Skull morphology of some highly aquatic South American xenodontines

In all recently published molecular phylogenies, the South American Xenodontinae form a clade that comprises
several monophyletic units (tribes), one of which consists of the three genera of the tribe Hydropsini (Helicops,
Hydrops and Pseudoeryx. Complete information on the bony skull is available for nearly a third (29 genera) of the Dipsadidae genera, whereas fragmentary descriptions were published for an additional 29 genera. Information on the bony skull of Hydropsini is more complete, since descriptions are available for Helicops carinicaudus, H. infrataeniatus, Hydrops marti, H. triangularis, and Pseudoeryx plicatilis.
A comparison of the cranial osteology among the three Hydropsini genera may prove useful characters to discuss the systematic value of previously studied features and to identify new ones that could unravel relationships among species within the tribe.  Di Pietro and colleagues (2014) describe the bony skull variation of Helicops
infrataeniatus, H. leopardinus, Hydrops caesurus, and Pseudoeryx plicatilis and compare it to that of Dipsadidae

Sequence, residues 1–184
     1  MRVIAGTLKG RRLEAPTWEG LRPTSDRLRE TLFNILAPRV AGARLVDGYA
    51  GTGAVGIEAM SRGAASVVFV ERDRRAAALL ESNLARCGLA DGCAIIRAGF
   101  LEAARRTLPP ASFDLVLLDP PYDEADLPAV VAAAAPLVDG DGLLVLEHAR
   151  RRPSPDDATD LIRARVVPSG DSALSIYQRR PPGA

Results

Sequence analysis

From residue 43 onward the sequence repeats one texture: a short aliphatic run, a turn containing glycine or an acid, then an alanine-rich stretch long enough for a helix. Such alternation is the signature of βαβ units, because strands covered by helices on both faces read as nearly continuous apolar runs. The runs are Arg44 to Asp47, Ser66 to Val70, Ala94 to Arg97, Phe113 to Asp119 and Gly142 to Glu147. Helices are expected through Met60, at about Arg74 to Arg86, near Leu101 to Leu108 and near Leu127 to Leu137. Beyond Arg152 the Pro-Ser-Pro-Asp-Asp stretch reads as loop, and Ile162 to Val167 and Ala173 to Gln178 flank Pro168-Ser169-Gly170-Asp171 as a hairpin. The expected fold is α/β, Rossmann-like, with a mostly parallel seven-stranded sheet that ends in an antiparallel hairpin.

species. This comprehensive comparison includes terrestrial, semi-fossorial, fossorial, semi-aquatic,
fully-aquatic, and arboreal forms of Dipsadidae.
The authors compare them with several genera of Dipsadidae and found that the unpaired foramen on the parabasisphenoid with anterior position is the only skull feature shared by all Hydropsini genera. This feature also occurs in the semi-aquatic (Erythrolamphrus semiaureus) and fully-aquatic (Farancia abacura) dipsadids. All species of Hydrops with available skull descriptions and Pseudoeryx plicatilis share four features: (1) The anterior border of the angular is higher than the posterior border of the splenial, (2) the vomerine processes of the premaxilla are long, (3) the ascending process of the premaxilla overlaps the horizontal lamina of the nasals, and (4) an anterior projection of the prefrontal is present.
All species of Helicops with available skull descriptions and Pseudoeryx plicatilis share three features: (1) A vertical
lamina of the nasal with a notch, (2) a single foramen rotundum, and (3) the presence of a ventral projection of the
transverse crista of the basioccipital. Finally, they also found small, paired parietal foramina in most of the dipsadids studied here, which are filled with a Sudan-Black-positive tissue of possible nervous origin.
The species studied here and those for which are available skull descriptions, Helicops and Hydrops share no unique features. These authors found the two genera share a long and triangular-shaped maxillary process of the palatine,
a character not found in the species of Helicops and Hydrops reported on by previous authors.

Di Pietro, D. O., Alcalde, L., & Williams, J. D. (2014). New cranial characters in the tribe Hydropsini (Serpentes: Dipsadidae: Xenodontinae). Acta Herpetologica, 9(1), 1-14.

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